The novel hinges on the fact that Jesus’ father, Joseph of Nazareth, out of cowardice and selfishness of the heart, failed to alert the parents that King Herod had issued a decree to kill boys under the age of 3. He could have spared the lives of 27 children had he spoken up. Joseph felt the scruple of running off to save his own son but had forfeited the lives of others. The guilt he felt was exactly guilt a man may feel without having sinned or committed the actual crime himself. It was the sin of omission.

To assuage his remorse that incessantly plagued him, Joseph, as he truly believed he was acting out of his own accord and obeying God’s will, made strenuous effort to beget more and more children to compensate for the 27 lives. When Jesus learned about Joseph’s crime, Jesus felt poignant for his father but asserted that his father was to blame for the deaths of innocent children. Joseph’s sin was illustrated to full actuality as Jesus envisaged infants dying in perfect innocence and parents who had done nothing wrong. Jesus was embittered and broken at the fact that never was a man more guilty than his own father, who had sinned to save his life.

Joseph’s death, which was rather dramatic and undeserving, bore the scruple of his own conscience and arose the question of what awaited him after death. Would it be possible than everything ended with death? What would happen to the life’s sorrow and sufferings, especially the sufferings right before the last breath? What about the memory if time is such an undulating surface than can only be accessed by memory, would memory of such suffering linger at least for a short period of time? Saramago has repeatedly made claims to explore the notion of after-death and its correlation to human existence throughout the novel.

Jesus under Saramago’s pen is not as perfect, impure, and righteous as the Bible portraits him to be. One sees that the savior succumbs to temptation, to not receiving the cup of death, to choose to remain on earth and not to be crowned with glory. The most provocative and controversial aspect of the book is when Jesus intervened the stoning of an adulteress, which brought him to awareness that he was living in sin with Mary Magdalene, and thus living in defiance to God’s will. The sin of adultery (sexual immorality as the Bible claims) brought Jesus into open conflict with the observed law.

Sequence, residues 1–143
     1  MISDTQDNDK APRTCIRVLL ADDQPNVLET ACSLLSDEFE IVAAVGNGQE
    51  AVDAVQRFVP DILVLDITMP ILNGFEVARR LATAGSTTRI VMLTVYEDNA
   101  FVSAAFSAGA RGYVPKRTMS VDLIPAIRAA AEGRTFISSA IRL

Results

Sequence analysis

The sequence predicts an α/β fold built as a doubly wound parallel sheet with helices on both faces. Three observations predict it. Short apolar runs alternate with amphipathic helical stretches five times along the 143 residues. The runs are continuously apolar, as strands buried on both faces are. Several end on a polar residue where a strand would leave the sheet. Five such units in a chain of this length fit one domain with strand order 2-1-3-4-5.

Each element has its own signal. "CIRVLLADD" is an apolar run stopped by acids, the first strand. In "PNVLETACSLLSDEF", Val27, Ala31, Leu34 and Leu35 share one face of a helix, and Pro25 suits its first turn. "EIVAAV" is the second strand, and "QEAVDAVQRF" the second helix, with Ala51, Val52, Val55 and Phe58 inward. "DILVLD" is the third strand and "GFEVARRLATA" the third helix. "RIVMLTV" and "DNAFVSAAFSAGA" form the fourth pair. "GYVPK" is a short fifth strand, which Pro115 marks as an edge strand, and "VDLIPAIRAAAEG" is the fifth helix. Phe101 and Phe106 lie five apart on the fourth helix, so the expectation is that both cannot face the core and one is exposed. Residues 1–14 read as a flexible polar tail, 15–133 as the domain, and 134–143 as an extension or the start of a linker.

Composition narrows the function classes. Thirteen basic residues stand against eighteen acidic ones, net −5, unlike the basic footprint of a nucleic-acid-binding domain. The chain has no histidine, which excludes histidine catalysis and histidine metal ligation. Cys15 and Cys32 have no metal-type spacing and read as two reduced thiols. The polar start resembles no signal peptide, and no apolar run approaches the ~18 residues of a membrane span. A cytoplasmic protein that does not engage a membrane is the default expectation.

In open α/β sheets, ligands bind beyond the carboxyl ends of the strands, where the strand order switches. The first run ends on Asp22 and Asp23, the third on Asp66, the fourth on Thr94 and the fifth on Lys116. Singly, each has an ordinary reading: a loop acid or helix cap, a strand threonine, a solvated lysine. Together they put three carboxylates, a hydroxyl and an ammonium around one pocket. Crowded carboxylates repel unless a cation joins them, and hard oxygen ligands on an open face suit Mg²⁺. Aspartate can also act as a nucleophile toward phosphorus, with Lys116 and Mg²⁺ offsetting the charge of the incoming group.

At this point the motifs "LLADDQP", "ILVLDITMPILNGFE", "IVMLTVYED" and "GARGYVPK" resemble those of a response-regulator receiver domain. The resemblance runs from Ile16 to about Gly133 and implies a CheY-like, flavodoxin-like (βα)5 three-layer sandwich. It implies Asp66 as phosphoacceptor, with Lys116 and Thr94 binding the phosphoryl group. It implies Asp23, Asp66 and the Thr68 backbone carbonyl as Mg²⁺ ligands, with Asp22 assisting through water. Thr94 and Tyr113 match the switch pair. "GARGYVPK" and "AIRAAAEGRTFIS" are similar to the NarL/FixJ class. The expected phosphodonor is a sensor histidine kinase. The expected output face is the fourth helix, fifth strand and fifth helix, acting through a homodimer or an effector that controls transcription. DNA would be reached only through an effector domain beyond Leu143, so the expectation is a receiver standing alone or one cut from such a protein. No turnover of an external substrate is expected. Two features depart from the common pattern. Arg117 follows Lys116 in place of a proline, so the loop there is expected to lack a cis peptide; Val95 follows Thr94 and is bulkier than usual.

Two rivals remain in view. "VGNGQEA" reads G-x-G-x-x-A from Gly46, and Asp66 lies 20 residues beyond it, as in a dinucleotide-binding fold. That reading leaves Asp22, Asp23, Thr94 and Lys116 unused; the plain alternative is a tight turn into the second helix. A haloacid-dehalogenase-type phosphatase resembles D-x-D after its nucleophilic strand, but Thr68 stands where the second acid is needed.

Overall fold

The book is not deprived of interesting dialogues in spite of the serious overtones of theology. My favorite is the conversation in which the Devil pleaded with God to admit him into the kingdom. God curtly denied the request asserting than the good God represented would cease to exist without the evil Devil represented. In regard to the meaning of human existence and the pursuit of holiness, Saramago does leave us with an enlightening thought (with such sober dignity) that the soul, in order to be able to boast of a clean and blameless body, has burdened itself with sadness, envy and impurity.

12-Year-Old Harangue on Religion, Sinnerdom, Goodness, Morality

Leo is the go-between in L.P. Hartley’s novel The Go-Between. Chance has him become the bearer of clairvoyant messages passed between two lovers, a lady from an aristocrat family and a brusque farmer. This is not a review of the book, which I have yet finished. But the 12-year-old affords some very mature, translucent insights of religion, God, and which bear a similar perspective to mine.

Excerpt:

“Think about being good, my mother had told me, and I had no difficulty in doing this, for I had a sense of worship. …I felt I could really contemplate the mercy of God, and hymn its praises if I didn’t have to stand forever; but I thought of it simply as an attribute of God; I didn’t connect it with the sins of men. And in the same way I did not associate goodness much with moral behavior; it was not a standard to live up to, it was an abstraction to think about; it was included in the perfection of the heavenly bodies, though it was not their goodness that specially attracted me, it was their immunity from the disabilities I suffered from. … Usually I closed my mind completely to what was being intoned, … But this time some of the words came through and “miserable sinners,” instead of being a sound, reached me as a meaning with a challenge.” (p.85)

I do not encourage nor do I approve of adultery or any form of criminal perpetration, but ever since my Christian friends turned their back on me upon coming out, I realized goodness does not always go hand-in-hand with moral behavior. Inevitably, the next question in mind is what defines moral behavior. To what extent does the breach of moral behavior, or morality, contribute to decadence of goodness. Is homosexuality considered immoral? If so, then does it mean that all of us are not good?

“I rebelled strongly against it. Why should we call ourselves sinners? Life was life, and people acted in a certain way, which sometimes caused one pain. … Life has its own laws, and it is for me to defend myself against whatever comes along, without going snivelling to God about sin, my own or other people’s. How would it profit a man, if he got into a tight place, to call the people who put him there miserable sinners? … I disliked the leveling aspect of this sinnerdom; it was like cricket match played in a drizzle, where everyone had an excuse … Life was meant to test a man, bring out his courage, initiative, resource; and I longed, I thought, to be tested: I did not want to fall on my knees and call myself a miserable sinner.” (p.86)

This is refreshing. For years I have experienced this very leveling aspect of religion making people’s life miserable. I don’t like when people bust out a scripture, usually out of context, in order to justify their disapproval or hatred of another human being, a social group, or a behavior.